The Benefits Of Dr. Josef Mengele’s Research

1282 words - 5 pages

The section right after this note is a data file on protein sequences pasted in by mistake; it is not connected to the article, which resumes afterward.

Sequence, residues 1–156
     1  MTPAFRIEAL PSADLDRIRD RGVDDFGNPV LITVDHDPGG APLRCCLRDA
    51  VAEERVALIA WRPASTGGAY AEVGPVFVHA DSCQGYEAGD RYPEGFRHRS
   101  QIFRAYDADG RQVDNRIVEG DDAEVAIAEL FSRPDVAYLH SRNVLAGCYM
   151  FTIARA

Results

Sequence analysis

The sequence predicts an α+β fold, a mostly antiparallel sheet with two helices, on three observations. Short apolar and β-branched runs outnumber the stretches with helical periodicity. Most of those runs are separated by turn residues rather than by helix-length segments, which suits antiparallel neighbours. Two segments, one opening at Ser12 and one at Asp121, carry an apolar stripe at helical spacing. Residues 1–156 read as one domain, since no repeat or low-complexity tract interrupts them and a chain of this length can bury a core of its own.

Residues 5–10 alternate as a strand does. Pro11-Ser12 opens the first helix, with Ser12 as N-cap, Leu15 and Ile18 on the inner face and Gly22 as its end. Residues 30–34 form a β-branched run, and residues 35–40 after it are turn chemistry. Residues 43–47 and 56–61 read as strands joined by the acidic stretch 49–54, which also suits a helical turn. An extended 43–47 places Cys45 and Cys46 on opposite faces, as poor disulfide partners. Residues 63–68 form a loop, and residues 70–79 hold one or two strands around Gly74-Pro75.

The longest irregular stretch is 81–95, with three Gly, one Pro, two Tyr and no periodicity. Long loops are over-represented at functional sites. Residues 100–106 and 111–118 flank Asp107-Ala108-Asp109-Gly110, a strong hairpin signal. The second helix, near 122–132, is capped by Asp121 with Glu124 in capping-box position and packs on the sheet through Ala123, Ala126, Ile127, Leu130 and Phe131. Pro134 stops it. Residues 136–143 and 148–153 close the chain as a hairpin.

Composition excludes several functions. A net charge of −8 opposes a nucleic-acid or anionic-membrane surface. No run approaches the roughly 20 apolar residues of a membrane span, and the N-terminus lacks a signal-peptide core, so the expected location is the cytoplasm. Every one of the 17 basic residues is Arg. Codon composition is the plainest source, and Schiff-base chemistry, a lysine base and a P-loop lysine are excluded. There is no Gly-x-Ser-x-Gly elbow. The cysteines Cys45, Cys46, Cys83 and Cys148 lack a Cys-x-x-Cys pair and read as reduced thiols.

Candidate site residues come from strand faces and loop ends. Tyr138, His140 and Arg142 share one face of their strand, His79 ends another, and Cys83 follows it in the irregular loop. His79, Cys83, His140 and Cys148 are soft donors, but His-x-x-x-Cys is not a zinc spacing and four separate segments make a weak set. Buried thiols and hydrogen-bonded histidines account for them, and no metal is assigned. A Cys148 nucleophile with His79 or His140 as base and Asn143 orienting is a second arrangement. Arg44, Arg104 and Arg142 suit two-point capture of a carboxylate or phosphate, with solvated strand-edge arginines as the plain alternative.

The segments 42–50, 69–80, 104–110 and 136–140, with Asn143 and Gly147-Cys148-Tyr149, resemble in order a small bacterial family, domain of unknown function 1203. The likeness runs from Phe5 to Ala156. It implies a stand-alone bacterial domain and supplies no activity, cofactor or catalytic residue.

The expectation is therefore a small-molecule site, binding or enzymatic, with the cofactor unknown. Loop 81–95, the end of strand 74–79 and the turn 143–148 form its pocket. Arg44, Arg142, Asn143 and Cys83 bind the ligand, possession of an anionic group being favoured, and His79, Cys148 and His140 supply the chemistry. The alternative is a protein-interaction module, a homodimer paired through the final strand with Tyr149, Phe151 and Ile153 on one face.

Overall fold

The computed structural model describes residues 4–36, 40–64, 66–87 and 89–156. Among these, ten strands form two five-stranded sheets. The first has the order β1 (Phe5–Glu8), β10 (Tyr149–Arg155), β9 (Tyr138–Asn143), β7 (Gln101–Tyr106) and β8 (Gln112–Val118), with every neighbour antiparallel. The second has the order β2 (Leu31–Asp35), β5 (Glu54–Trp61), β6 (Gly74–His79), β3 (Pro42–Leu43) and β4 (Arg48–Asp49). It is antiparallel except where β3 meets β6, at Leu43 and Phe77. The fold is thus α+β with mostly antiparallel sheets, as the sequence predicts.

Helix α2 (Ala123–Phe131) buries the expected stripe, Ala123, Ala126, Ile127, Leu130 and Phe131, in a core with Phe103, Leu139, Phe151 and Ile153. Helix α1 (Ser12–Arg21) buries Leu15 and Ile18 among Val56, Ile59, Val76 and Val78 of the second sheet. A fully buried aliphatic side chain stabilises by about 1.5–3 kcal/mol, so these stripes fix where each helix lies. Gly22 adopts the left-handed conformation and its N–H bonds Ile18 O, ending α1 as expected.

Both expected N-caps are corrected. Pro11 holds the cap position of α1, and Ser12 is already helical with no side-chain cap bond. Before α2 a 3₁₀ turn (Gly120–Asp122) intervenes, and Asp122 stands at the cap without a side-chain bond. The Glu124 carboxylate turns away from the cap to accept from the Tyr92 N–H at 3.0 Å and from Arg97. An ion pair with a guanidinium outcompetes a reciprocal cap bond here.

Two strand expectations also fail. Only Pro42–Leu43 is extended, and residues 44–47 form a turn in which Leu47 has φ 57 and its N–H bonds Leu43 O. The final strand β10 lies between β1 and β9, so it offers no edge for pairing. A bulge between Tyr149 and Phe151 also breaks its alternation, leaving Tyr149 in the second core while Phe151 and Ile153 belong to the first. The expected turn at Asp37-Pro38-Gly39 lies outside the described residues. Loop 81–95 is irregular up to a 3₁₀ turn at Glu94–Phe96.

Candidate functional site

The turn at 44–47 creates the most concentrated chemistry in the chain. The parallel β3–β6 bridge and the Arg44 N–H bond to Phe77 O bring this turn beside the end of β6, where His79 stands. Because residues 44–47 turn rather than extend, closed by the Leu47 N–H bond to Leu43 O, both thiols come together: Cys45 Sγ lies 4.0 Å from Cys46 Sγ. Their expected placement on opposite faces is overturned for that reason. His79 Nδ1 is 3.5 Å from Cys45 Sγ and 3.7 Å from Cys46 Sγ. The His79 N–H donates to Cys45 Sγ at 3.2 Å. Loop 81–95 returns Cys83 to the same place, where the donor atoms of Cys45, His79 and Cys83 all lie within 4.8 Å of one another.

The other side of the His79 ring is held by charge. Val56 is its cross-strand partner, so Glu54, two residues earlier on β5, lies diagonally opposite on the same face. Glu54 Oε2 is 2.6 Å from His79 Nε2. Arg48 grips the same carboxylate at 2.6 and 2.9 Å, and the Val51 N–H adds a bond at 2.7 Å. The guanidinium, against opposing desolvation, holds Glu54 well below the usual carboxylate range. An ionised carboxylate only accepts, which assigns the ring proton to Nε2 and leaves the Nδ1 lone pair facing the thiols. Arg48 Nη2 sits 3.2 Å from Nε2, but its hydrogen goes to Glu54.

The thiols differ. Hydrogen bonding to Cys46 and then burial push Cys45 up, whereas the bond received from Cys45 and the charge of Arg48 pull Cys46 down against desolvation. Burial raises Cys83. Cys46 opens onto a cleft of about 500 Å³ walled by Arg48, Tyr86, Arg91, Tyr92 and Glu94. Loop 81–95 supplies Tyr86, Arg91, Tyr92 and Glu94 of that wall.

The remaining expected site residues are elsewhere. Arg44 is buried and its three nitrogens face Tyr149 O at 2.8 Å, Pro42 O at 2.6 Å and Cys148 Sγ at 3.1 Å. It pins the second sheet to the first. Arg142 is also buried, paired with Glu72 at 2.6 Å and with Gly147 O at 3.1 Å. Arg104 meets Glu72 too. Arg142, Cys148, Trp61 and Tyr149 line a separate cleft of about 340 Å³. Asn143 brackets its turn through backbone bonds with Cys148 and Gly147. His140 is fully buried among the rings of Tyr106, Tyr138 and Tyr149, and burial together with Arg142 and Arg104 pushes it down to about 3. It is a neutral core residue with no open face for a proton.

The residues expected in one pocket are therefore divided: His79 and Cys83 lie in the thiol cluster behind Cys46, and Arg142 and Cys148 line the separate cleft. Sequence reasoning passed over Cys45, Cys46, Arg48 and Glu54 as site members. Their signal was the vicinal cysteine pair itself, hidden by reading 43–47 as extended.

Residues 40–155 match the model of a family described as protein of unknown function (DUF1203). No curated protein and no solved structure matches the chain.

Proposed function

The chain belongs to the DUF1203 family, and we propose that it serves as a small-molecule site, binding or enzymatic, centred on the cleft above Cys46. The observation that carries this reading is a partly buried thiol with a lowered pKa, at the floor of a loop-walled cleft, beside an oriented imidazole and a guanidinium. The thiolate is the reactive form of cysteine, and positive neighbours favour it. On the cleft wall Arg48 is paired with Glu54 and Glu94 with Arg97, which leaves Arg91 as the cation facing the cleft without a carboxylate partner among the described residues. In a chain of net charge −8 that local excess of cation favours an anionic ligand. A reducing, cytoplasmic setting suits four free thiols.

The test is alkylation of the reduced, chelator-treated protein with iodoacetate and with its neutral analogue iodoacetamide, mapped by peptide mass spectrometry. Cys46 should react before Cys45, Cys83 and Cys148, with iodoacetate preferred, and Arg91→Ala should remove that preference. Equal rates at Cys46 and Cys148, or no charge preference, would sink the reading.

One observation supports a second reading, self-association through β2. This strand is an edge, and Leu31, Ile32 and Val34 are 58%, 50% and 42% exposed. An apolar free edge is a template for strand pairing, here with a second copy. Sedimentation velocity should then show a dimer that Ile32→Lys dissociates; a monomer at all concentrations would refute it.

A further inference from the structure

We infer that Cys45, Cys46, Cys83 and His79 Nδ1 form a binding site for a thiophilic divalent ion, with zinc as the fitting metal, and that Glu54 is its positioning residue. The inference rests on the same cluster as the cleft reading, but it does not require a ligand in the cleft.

The Benefits of Dr. Josef Mengele's Research Humanity has prospered for years because of the discoveries of the medical community. Many of the discoveries have been results of laboratory experiments on animals. While some of this research has not always been pleasant for the animals, the discoveries uncovered significantly compensate for the countless lives lost during the research. During the Holocaust at the concentration camp at Auschwitz different kinds of subjects were used for experimentation. Dr. Josef Mengele, the camp doctor, focused his work on living humans. The results found during the experimentation by Dr. Mengele helped lead to advancements in the modern medical field despite the numerous lives lost and discomfort inflicted on the test subjects.Before Dr. Mengele was assigned to Auschwitz he led a distinguished career in genetic research. For his doctorate, Mengele did genetic research dealing with oral fissures. This genetic research seems "like a precursor to his later work in Auschwitz" (Lifton Doctors 339). He volunteered to go to Auschwitz in 1943 so he could perform medical and anthropological experiments to further his studies. Mengele's belief that the Aryan race is superior to all other races significantly shaped his scientific view. One of Mengele's assistants stated that he wanted to use his research "to find the cause of multiple pregnancies" so that he could utilize the information to cause Aryan women to have an increased chance of having twin births. This would allow the Aryan race to multiply at a quicker rate. The main intent was to extract the "bad" genes from the population to create a superior human race, specifically Germanic ("Angel").Research was conducted at Auschwitz with subjects above two years old and centered mainly around twins and people with the genetic disorder know as dwarfism. Every patient was subject to questions about medical and family history (especially twins), clinical examinations, x-rays, mandatory daily blood tests, and anthropological measurements. Normal medical precautions for patients were not used; for example, anesthesia was not administered, protective coverings during x-rays were not required, and consideration of blood loss was not a concern in the daily withdrawing of samples.Mengele studied maternal and fraternal twins. He was fascinated most by identical twins. Robert Lifton states in his book The Nazi Doctors, "Measurements were taken of the twin's skulls and bodies and various characteristics of the nose, lips, ears, hair and eyes". An anonymous patient said, "It was like a laboratory […] there isn't a piece of body that wasn't measured and compared" (Lifton "Mengele"). Spinal taps were given to some of the subjects to test reactions. Mengele would also take one twin's blood sample and inject it into the other twin's blood stream. Some twins and other people that Mengele studied had their limbs and organs removed, while others were castrated or sterilized. He...

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